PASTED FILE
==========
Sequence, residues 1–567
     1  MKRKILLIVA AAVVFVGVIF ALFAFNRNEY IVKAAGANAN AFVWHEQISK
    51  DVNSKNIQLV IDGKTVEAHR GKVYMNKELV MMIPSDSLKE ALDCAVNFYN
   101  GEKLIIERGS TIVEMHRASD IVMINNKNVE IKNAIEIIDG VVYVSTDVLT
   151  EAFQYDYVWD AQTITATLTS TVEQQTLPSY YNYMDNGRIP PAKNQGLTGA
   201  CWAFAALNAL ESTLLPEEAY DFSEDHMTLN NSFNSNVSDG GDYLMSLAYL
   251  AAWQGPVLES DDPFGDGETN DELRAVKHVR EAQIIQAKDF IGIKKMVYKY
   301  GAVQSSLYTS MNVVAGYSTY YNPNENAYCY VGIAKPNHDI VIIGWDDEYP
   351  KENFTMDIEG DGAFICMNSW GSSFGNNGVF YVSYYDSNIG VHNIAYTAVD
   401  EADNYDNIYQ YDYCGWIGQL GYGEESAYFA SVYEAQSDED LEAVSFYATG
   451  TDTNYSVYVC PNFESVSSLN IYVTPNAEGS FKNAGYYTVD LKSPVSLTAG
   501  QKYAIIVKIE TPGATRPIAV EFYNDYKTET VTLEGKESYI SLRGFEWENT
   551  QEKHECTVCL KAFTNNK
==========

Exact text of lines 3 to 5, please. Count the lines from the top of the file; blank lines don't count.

    51  DVNSKNIQLV IDGKTVEAHR GKVYMNKELV MMIPSDSLKE ALDCAVNFYN
   101  GEKLIIERGS TIVEMHRASD IVMINNKNVE IKNAIEIIDG VVYVSTDVLT
   151  EAFQYDYVWD AQTITATLTS TVEQQTLPSY YNYMDNGRIP PAKNQGLTGA